Please don't take this as medical advice. Not that this article would imbue anyone with the confidence to do so. If you have questions about the suitability of vaccines or the standard vaccination schedules, please find a sympathetic physician who will discuss this with you.


Every few years, I slip up and get myself into a debate about vaccines online. I offer some evidence that perhaps this shot or that shot should be considered critically in certain circumstances, and I get bowled over by demands for proof and an avalanche of links to data I'm already familiar with.

The striking thing about these discussions is that both sides use the same data to make their point. Where I'm saying, Look, this shot was only 60 percent effective in its best year ever!, others are saying, This shot can be 60 percent effective, how can you argue with that?

Really, with the exception of one, I don't question the efficacy of vaccines. Having three or four shots that confer decades of immunity to a potentially lethal disease is a pretty good thing, especially when we're talking about diseases that are actually lethal (unlike the targets of some more recently introduced vaccines).

But as a practitioner, the aspect of this discussion that matters to me are the complications. Working with many people who have had severe and long-term reactions to vaccines, the hardest thing for me to stomach is the oft-repeated claim that vaccines almost never hurt anyone. What I hear when someone says that is, "Well, I don't know anybody who's been hurt by vaccines," and it's usually the same people who scream when anyone introduces anecdotal evidence. Working from the knowledge that some people die from vaccines and others find themselves permanently ill, I find this a fairly heartless statement.

Essentially, either people are saying they don't believe the vaccine makers' published complication rates, or they simply don't care that some children are being sacrificed to the disease gods to save others. Yes, kids are saved. But how, exactly, did the ones who got sacrificed get chosen for that role?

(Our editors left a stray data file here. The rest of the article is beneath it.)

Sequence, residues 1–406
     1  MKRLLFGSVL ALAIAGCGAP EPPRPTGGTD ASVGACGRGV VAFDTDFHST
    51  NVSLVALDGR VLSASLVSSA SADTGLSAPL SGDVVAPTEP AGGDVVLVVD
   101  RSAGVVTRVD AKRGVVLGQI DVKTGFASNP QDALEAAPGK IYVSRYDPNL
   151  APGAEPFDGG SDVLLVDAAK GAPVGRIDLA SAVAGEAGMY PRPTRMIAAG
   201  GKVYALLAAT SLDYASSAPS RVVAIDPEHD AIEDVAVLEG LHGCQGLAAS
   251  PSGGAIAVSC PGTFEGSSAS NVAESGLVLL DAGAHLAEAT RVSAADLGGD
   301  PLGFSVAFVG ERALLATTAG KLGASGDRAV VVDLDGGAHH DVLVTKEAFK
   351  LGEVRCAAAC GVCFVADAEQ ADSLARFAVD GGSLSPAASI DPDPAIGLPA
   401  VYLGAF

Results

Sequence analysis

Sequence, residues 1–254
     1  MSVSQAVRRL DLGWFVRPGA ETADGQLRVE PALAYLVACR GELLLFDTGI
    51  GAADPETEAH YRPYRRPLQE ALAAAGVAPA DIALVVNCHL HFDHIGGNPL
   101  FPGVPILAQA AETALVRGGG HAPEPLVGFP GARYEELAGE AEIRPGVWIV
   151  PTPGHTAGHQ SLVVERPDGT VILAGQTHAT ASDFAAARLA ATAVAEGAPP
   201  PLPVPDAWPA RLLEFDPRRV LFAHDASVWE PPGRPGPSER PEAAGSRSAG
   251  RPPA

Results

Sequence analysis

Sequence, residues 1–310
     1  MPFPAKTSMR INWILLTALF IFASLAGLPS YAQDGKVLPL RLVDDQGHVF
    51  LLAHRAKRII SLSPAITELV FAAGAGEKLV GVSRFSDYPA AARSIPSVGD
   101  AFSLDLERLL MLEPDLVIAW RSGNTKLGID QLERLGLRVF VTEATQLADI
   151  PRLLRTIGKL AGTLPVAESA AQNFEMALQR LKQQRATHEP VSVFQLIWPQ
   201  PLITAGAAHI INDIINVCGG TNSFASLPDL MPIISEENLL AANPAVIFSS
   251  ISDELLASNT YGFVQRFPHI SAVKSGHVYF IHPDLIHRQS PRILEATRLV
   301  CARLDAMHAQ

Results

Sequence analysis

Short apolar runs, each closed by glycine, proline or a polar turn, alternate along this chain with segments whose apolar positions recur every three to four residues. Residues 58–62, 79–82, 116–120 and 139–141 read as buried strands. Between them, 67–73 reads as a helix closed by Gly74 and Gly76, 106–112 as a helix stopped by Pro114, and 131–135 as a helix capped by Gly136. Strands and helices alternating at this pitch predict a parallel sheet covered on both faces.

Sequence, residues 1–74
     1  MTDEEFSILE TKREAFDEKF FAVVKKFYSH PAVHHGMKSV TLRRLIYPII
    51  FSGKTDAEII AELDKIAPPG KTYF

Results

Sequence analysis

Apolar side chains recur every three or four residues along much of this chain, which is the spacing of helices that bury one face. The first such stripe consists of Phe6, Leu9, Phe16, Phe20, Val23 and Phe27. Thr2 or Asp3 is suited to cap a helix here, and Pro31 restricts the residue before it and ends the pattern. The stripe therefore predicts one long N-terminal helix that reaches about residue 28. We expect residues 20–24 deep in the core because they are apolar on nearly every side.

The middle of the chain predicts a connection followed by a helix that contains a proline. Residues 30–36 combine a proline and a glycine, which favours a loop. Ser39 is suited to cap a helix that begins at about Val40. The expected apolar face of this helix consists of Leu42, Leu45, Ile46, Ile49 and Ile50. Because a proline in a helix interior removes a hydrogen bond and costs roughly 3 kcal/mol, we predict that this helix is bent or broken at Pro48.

So, this is the question that I keep coming back to. If you know that some people are irreparably injured by vaccines, how can you require people to undergo that procedure? How can you, as a state legislator or a healthy adult who never suffered from either vaccine damage or childhood diseases, argue about the comparative complication rates when someone out there will have to pay a price for our society's pursuit of collective immunity?

I understand offering people vaccine treatment. That makes perfect sense, especially when your medical paradigm has no other treatment for these diseases. But requiring otherwise healthy people to engage in invasive medical procedures? I think Hippocrates would agree that it's questionable medical practice. And yet, medical societies everywhere agree that nearly every vaccine should be given to nearly every citizen.

Worse, every time someone like me suggests that we should tailor individual vaccine schedules to the medical histories of the individuals being vaccinated, that person gets labeled a "vaccine skeptic," as if they didn't know vaccines existed.

To be fair, I think the people I'm arguing with truly believe that vaccines don't cause any harm, almost ever. I think they have convinced themselves that those who die from vaccines, unhealthy as they certainly must have been, were probably going to die of something else anyway. And those who suffer permanent brain damage, seizures, etc.?  Who knows? Maybe they just believe it's all lies.

But I've seen too many of those injured people in my office to so easily dismiss the risks of vaccination.  (And I'm talking about people diagnosed with vaccine damage by licensed medical professionals before they ever entered my office.)